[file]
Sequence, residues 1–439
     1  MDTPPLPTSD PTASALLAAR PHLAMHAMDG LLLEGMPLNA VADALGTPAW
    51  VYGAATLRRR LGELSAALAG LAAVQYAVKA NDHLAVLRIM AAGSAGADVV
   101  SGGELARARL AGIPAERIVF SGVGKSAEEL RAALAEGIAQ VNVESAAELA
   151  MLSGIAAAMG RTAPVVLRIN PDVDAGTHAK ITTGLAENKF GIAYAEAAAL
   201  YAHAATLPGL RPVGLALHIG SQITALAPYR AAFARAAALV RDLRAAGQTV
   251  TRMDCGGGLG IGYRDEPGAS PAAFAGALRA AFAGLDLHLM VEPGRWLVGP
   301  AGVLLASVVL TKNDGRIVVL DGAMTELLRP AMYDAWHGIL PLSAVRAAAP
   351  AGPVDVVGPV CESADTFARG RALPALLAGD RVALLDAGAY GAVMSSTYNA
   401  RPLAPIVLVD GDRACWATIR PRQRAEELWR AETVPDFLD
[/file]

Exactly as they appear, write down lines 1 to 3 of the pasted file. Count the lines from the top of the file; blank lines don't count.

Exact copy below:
Sequence, residues 1–439
     1  MDTPPLPTSD PTASALLAAR PHLAMHAMDG LLLEGMPLNA VADALGTPAW
    51  VYGAATLRRR LGELSAALAG LAAVQYAVKA NDHLAVLRIM AAGSAGADVV